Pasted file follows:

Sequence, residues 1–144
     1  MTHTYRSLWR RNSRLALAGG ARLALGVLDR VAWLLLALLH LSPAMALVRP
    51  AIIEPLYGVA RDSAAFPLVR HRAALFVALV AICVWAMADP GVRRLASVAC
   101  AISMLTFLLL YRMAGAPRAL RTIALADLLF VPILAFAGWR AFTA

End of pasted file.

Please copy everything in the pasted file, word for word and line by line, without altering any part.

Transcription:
Sequence, residues 1–144
     1  MTHTYRSLWR RNSRLALAGG ARLALGVLDR VAWLLLALLH LSPAMALVRP
    51  AIIEPLYGVA RDSAAFPLVR HRAALFVALV AICVWAMADP GVRRLASVAC
   101  AISMLTFLLL YRMAGAPRAL RTIALADLLF VPILAFAGWR AFTA